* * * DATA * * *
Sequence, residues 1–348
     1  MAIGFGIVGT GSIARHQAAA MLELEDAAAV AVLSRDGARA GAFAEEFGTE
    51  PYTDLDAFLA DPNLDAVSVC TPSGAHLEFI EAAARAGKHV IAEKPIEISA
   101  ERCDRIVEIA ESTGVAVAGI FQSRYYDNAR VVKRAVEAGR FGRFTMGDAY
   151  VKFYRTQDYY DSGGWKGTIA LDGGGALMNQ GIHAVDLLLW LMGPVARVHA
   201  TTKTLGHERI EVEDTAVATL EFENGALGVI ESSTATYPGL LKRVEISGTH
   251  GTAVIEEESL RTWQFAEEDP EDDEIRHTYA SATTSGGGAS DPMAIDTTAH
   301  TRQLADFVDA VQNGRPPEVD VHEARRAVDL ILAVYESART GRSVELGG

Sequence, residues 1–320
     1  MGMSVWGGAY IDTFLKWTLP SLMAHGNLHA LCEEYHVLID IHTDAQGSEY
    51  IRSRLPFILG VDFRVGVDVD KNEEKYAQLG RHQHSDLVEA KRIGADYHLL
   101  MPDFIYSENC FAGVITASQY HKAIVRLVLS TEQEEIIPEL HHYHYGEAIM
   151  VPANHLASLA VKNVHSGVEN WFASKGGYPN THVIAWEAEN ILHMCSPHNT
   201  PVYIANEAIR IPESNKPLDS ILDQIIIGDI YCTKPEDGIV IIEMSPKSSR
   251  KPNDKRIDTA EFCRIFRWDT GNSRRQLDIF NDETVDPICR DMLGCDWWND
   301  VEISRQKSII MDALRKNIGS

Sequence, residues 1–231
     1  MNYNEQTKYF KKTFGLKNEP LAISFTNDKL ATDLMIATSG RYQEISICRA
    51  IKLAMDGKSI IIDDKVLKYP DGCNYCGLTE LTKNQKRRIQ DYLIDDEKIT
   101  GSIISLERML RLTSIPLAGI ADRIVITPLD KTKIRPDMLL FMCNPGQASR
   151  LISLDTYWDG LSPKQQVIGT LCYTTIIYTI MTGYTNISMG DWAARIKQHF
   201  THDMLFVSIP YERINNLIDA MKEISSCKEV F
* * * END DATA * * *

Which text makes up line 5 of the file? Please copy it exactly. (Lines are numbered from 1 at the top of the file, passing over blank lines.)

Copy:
   151  VKFYRTQDYY DSGGWKGTIA LDGGGALMNQ GIHAVDLLLW LMGPVARVHA